Friday, February 5, 2016

Tumblring down Rocky Peak

Finding myself on a steep decline.

You can always tell how much I like a new walking/hiking site by how many Tumblrs I post of it the first time.

I've wanted to hike Rocky Peak Park for a while. I had read about it in the LA Times blog, LA Walks. The article compared it to Vasquez Rocks, which we adore. But I was always scared off by the difficulty rating of 4 out of a possible 5. The distance was also too far--3.5 miles.

Well, I realized that the hike could be as far as we wanted, since you have to double back, anyway. As for the difficulty, I have been getting a lot stronger lately.

We decided to chance it.

When we arrived, we quickly realized that Charles Fleming wasn't kidding about the rating. It is
difficult--our hardest hike yet. It's so steeeeep that the few flat overlooks along the way were welcome not only for the scenic vistas of the Santa Susana mountains, rock-encrusted peaks, and natural rock sculptures, but for the chance to catch my breath.
But I made it as far as the sandstone nooks and crannies of a fabulous wind cave, which Keith later remarked was probably a mistake because it was a bit dangerous for me to access. But I wouldn't have missed that cave for anything (see Tumblr).

I can't wait to go back!
A very rocky picnic.
I've been posting old pics from previous visits to our favorite locations. But since Rocky Peak park is a new favorite, here's a gif from our last visit to Vasquez Rocks. On that visit in March of 2015, I also tackled terrain that was on the edge of my capabilities. I dare say the Geology Trail will be a lot easier for me on our next visit!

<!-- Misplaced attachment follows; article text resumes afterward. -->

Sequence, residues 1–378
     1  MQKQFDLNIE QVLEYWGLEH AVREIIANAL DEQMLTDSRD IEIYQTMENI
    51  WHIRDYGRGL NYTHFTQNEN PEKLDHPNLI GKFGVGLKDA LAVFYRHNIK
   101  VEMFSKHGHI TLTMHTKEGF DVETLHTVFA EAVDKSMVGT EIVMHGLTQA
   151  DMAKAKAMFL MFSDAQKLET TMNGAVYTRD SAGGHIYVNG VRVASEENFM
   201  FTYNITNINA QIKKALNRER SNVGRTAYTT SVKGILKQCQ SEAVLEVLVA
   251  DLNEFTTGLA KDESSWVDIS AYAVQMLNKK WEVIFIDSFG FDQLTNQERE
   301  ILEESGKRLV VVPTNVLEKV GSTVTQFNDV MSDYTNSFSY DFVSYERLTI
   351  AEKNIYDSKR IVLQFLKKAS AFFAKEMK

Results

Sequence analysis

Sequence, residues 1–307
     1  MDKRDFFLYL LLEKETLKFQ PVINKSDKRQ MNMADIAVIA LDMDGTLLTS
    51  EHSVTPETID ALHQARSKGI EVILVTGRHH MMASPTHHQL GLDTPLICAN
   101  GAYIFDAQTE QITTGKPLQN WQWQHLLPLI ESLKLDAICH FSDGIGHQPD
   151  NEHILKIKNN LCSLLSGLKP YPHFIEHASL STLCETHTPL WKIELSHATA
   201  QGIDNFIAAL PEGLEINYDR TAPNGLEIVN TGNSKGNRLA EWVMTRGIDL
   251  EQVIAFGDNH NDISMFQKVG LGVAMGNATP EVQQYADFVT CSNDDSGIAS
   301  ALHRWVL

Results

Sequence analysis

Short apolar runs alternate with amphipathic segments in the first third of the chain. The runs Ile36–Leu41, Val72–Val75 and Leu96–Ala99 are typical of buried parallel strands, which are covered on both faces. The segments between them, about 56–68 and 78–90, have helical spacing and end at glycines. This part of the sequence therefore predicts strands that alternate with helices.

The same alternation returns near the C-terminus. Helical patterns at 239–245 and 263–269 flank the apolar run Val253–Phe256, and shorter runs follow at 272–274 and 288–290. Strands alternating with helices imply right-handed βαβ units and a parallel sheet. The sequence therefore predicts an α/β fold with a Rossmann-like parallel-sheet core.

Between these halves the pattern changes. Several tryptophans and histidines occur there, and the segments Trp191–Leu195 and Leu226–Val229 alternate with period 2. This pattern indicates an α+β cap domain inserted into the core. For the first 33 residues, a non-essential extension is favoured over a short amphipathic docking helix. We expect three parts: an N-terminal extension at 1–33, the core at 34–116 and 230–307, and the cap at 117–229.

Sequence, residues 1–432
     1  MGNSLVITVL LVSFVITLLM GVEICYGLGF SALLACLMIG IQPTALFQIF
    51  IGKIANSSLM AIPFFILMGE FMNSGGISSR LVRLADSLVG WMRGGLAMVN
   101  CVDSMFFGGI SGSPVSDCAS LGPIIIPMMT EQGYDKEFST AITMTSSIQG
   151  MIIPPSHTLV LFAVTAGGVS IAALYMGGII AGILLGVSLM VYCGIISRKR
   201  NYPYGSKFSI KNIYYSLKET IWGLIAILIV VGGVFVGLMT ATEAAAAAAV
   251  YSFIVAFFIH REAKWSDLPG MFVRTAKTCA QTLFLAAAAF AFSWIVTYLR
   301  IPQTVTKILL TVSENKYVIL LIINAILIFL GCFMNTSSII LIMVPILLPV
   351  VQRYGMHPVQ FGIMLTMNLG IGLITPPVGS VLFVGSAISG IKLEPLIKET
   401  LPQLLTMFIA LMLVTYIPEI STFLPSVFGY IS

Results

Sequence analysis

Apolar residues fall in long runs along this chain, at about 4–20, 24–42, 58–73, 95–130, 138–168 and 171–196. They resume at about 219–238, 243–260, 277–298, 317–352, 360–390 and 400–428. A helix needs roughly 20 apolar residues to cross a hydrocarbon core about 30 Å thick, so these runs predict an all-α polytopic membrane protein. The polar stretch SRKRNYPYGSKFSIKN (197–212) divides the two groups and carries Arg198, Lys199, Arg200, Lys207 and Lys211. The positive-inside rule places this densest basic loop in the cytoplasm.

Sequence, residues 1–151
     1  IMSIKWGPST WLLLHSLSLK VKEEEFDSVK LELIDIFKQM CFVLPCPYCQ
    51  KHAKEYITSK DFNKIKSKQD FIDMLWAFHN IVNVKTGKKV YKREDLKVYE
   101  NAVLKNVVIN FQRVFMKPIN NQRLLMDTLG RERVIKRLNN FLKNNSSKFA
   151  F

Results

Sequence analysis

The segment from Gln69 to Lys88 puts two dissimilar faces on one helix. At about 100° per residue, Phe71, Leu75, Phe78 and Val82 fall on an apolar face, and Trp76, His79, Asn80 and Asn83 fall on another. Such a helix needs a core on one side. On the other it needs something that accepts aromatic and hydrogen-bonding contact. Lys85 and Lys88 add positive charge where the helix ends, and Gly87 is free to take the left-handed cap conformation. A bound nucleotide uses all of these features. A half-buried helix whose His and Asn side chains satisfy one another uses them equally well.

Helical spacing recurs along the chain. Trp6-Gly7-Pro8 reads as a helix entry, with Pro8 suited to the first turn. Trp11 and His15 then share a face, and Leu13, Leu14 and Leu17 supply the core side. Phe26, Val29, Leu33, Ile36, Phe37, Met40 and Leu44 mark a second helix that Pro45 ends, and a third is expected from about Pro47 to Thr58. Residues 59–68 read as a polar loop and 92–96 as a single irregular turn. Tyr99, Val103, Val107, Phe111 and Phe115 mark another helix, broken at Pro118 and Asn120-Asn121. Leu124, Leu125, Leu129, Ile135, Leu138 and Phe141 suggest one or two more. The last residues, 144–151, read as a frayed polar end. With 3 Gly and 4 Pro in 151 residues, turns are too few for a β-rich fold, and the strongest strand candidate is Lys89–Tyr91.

Google Photos created this gif, It was so difficult for me to walk through that extremely narrow gap that Keith took a continuous stream of photos while I was doing it.

No comments:

Post a Comment

Thank you for your comment!

Contact me!


Email *

Message *

Follow by Email

Coma Girl

Coma Girl

About Me

My photo

In July of 2013, I fell into a six-week coma and nearly died. When I awoke from the coma, I could barely lift my head. It has been a hard road to recovery. The doctors advised my loved ones to give up all hope for my full recovery, but while they were shining lights in my eyes to gauge my level of consciousness, I was telling them grumpily to leave me alone because I was trying to get back to my coma-dream. I was experiencing covert cognition, and the coma-dream was my version of a near-death experience. I'm a skeptic, so I saw surreal images instead of spirits or dead loved ones. According to my research, as many as one in five people with consciousness disorders have covert cognition.

Not a miracle recovery, but a miracle of modern medicine

In 2013 I fell into a six-week coma and nearly died after I contracted legionella. The Legionnaire's disease was in turn triggered by immunosuppression caused by the prednisone I was taking for my rare autoimmune disease, dermatomyositis.

I suffered a series of strokes on both sides of my brain when the sepsis caused my blood pressure to plummet. I fell into a deep coma. My kidneys and lungs began to fail, as my body was began dying one organ at a time. My doctors told my loved ones to give up hope for my full recovery. They expected me to die, and even if I somehow lived, I would remain a vegetable or at best left so hopelessly brain-damaged that I would never be same. But unbeknownst to them, while they were shining lights in my eyes and shaking their heads, I was telling them in my coma-dream--my secular version of a near-death experience--to leave me alone because I was trying to get back to sleep. I was experiencing what is known as covert cognition, the subject of my Skeptical Inquirer article "Covert Cognition: My So-Called Near-Death Experience," which appeared in their July/August issue.

But it wasn't a miracle--despite what so many continue to believe--that I recovered so fully. I owe my life not to God, but the miracles of modern medicine, as well as the nature of the watershed-area brain damage I suffered, as I detailed in my article and in this blog.